Vegetarians have 14% lower cancer risk than meat-eaters, study finds | Vegetarianism
Vegetarians have a 14% lower chance of developing cancer than carnivores, according to a large study that links meat-eating to a heightened risk of the disease.
A team of researchers from Oxford University analysed data on more than 470,000 Britons and found that pescatarians had a 10% reduced risk. Compared with people who eat meat regularly – defined as more than five times a week – those who consumed small amounts had a 2% lower risk of developing cancer, the study found.
“In this large British cohort, being a low meat-eater, fish-eater or vegetarian was associated with a lower risk of all cancer sites when compared to regular meat-eaters,” the analysis found.
However, the authors, led by Cody Watling from Oxford’s population health cancer epidemiology unit, made clear that their findings did not conclusively prove regular meat-eating increased the risk of cancer. Smoking and body fat could also help explain the differences found, they said.
Their study of participants in the UK Biobank study also found that:
Low meat-eaters – who consume meat five or fewer times a week – had a 9% lower risk of developing bowel cancer than regular meat-eaters.
Vegetarian women were 18% less likely than those who ate meat regularly to develop postmenopausal breast cancer, though that may be due to their lower body mass index.
Vegetarian men have a 31% lower risk of prostate cancer while among male pescatarians it is 20% lower.
“The results … suggest that specific dietary behaviours such as low meat [and] vegetarian or pescatarian diets can have an impact on reducing the risk of certain cancers; in this case bowel, breast and prostate,” said Dr Giota Mitrou, director of research and innovation at World Cancer Research Fund International (WCRF), which co-funded the study with Cancer Research UK.
The results confirm WCRF’s longstanding advice that people should limit their intake of red and processed meat and eat more wholegrains, vegetables, fruit and pulses, she added.
The Oxford study authors said: “The lower risk of colorectal [bowel] cancer in low meat-eaters is consistent with previous evidence suggesting an adverse impact of meat intake. Vegetarian women’s lower risk of postmenopausal breast cancer is likely to be “largely” explained by their lower BMI.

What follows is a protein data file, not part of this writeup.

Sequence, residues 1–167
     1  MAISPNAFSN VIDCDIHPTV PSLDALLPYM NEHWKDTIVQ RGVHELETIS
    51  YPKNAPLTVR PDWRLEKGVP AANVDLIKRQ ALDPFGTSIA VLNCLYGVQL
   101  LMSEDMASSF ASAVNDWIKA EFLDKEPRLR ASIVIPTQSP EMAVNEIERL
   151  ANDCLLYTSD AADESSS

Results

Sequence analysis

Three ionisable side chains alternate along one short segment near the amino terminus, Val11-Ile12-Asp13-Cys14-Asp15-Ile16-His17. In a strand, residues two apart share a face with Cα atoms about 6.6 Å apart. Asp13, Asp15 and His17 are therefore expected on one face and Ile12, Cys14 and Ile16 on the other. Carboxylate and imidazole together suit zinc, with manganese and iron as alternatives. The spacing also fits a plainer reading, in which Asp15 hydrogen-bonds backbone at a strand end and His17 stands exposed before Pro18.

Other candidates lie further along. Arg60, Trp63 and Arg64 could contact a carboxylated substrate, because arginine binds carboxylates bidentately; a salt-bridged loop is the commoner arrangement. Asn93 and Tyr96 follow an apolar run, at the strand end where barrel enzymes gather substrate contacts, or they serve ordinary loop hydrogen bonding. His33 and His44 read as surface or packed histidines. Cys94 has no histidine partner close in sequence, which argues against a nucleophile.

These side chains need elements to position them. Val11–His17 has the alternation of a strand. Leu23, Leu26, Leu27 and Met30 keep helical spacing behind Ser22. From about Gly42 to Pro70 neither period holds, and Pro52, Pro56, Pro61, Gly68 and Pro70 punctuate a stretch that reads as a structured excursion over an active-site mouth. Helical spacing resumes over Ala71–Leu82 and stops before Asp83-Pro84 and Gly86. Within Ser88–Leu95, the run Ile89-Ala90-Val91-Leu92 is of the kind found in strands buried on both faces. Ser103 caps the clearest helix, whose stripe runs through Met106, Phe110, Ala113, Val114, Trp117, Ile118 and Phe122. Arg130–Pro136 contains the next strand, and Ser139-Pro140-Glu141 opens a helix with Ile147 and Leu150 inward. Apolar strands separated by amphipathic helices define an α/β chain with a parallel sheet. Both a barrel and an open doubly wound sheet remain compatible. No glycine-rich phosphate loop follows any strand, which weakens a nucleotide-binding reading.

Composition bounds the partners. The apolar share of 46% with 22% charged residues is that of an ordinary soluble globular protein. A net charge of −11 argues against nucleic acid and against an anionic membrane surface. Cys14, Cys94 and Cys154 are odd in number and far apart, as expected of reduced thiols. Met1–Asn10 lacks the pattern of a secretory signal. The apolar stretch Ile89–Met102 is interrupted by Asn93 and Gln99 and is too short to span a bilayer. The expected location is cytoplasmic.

“It is not clear whether the other differences observed for all cancers and for prostate cancer reflect any causal relationship or are due to other factors.”
While the researchers found that “being a low meat-eater, pescatarian or vegetarian was associated with a lower risk of all cancer”, they added that this “may be a result of dietary factors and/or non-dietary differences in lifestyle, such as smoking”. Their results are published on Thursday in the journal BMC Medicine.
Richard McIlwain, chief executive of the Vegetarian Society, said: “This study adds to a growing body of research reinforcing the positive, protective effects of a vegetarian diet.
“With cancer now affecting one in every two of us across the country, adopting a healthy vegetarian diet can clearly play a role in preventing this disease. Indeed, evidence from previous surveys suggests a balanced vegetarian diet can also reduce the risk of heart disease and diabetes, in addition to cancers.”
Watling and his colleagues are undertaking further research among vegetarians, pescatarians and vegans to examine more closely the relationship between diet and cancer risk.
Between 5% and 7% of Britons are thought to be vegetarian and 2-3% follow a vegan diet, according to surveys by YouGov.
Dr Julie Sharp, Cancer Research UK’s head of health and patient information, said that while reducing intake of processed meat has been proven to reduce the risk of bowel cancer “having some bacon or ham every now and then won’t do much harm”, adding: “If you are having a lot of meat a lot of the time then cutting down is a good idea, but a vegetarian diet doesn’t always mean someone is eating healthily.”